Tuesday, April 7, 2015

Break the Color Wheel!

I can't get enough of Ikat Cotton Fabrics! They are so easy to work up and the variety of color combinations are unlimited. Some Ikat patterns are subtle, using the softer colors of the color wheel.  Other patterns are bold and colorful and when combined with vibrant solids, the garment design possibilities are endless.

I loved this new Victory Pattern, the Chloe No. 1005 Dress.  It is an intermediate level project suitable for woven fabrics like Ikat - other cottons or knits would work too.

We wanted to make our Chloe a little edgy by combining Ikat with a complimentary solid woven fabric. I love the combination of purple and green, especially if the hues are a little "off" color. You might think that this combination doesn't occur in nature, but it does. So why not combine these gorgeous olive Ikat prints with a solid purple woven?  Even though the purple does not occur in the Ikat, it doesn't matter.  The purple gives the olive Ikat that pop of color that will make my Chloe dress unique!

And just for grins, let's use purple thread for finishing the seams...after all, isn't the inside of your garment just as important as the outside? (Note that we made a little tacking stitch on the two pockets to keep them in place, facing the center front of the dress.)

We decided not to bind the neckline with the contrasting purple fabric as it might be too cliche - we don't want to be too predictable.  What I love about this Victory pattern are the clear directions for the neckline trim.  It went together so easily.

 Laurel hand sewed the bias facing to the neckline, rather than use the stitch in the ditch method to secure it, but either method works

We chose to use one of the Ikat prints to bind the cap sleeve - the bias facing is applied in the same manner as the neck facing.  For this cap sleeve we want a bound edge with the Ikat showing -  just like the neckline, but a little  more narrow, just to give a hint of the Ikat fabric.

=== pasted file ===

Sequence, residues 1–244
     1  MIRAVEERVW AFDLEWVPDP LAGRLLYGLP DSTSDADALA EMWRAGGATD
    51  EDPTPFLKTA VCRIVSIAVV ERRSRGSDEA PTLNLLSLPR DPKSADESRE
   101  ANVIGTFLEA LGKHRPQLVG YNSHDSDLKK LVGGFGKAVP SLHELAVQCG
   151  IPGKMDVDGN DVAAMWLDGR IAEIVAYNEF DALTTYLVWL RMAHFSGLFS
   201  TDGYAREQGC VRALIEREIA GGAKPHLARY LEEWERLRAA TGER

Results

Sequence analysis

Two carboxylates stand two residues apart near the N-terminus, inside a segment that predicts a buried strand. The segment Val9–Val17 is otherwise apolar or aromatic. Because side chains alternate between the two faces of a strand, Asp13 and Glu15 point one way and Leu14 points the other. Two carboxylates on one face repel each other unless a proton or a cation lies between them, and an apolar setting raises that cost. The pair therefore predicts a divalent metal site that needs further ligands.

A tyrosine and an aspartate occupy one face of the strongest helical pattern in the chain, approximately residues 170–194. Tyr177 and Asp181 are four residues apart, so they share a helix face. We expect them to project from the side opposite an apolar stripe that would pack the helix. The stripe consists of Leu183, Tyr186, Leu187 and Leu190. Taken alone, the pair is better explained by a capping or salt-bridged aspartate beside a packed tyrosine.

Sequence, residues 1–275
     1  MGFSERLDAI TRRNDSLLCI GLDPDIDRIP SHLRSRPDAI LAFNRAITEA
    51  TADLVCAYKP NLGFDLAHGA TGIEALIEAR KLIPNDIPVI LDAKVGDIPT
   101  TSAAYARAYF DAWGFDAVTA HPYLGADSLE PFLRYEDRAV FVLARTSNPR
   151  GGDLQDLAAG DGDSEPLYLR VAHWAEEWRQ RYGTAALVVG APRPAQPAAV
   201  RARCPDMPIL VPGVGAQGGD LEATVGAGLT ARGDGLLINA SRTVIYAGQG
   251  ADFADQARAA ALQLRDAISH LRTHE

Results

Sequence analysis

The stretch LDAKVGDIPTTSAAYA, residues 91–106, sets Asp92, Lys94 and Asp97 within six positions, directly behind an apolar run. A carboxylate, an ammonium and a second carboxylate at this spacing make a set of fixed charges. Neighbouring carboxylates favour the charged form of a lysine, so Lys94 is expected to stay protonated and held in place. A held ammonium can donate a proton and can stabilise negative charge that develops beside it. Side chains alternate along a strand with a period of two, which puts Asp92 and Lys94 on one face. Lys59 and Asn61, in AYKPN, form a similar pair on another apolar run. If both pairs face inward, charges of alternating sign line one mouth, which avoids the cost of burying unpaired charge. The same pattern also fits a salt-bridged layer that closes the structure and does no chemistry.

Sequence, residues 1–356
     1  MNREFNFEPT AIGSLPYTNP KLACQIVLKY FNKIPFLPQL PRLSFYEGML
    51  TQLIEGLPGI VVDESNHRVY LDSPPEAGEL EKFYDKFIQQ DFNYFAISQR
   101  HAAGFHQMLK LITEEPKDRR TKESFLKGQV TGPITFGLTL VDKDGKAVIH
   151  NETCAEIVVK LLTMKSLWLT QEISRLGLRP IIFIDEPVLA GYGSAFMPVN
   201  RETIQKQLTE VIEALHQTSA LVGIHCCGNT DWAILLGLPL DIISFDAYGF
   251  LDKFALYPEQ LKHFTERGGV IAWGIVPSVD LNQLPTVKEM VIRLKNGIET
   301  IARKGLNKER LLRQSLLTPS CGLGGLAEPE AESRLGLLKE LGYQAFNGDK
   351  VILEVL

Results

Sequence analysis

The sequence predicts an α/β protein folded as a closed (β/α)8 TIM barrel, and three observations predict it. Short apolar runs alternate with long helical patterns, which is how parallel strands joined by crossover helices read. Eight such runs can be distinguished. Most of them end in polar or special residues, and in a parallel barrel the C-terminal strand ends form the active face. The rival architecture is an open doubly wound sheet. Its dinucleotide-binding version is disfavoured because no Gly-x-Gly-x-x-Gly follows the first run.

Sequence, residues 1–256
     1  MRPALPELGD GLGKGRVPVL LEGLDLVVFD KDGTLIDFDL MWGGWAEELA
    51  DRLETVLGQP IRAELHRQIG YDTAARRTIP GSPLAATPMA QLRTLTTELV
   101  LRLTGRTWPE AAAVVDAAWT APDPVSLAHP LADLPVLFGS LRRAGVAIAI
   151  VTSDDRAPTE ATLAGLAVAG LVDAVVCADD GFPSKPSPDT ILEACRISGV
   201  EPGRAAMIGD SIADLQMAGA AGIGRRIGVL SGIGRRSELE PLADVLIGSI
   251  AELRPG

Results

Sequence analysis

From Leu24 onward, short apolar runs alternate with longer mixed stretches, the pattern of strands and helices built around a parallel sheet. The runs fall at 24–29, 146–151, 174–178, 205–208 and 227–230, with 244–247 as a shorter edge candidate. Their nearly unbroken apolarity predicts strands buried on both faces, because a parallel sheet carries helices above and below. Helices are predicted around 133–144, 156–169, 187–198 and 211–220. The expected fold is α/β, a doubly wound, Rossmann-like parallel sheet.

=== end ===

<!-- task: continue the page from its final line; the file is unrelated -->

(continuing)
Trim the facing to the exact width that you want the binding to be around the sleeve edge, so that when you turn it toward the wrong side of the sleeve to secure it, you won't have to work so hard to make it even.

We secured the facing with  a simple stitch in the ditch technique.

The "intermediate" part of making this dress kicks in when it's time to set in the sleeves. What makes the Chloe dress a little challenging is that the "sleeve" is really just an extension of the armhole.  To attach the sleeve to the armhole, you are sewing the curved edge of the sleeve on to the inverted curve of the armhole. It gives real meaning to the term "ease". If you make the tiniest of a clip along the bottom of the armhole, it makes it easier to ease in the sleeve. Do go SLOW!!!

So very unique!

And way too cute!  I can't wait for some Summer!!

Don't be afraid to step out of your comfort zone and combine fabrics and colors that you might not normally choose for your next dress.  These details and design elements are what make your wardrobe unique and totally you.  You want everyone to ask "Did you make that?", not because your sewing skills are perfect, but that your garment is something that they can't get in the stores...unless, of course they sew!!!

Creatively Yours,

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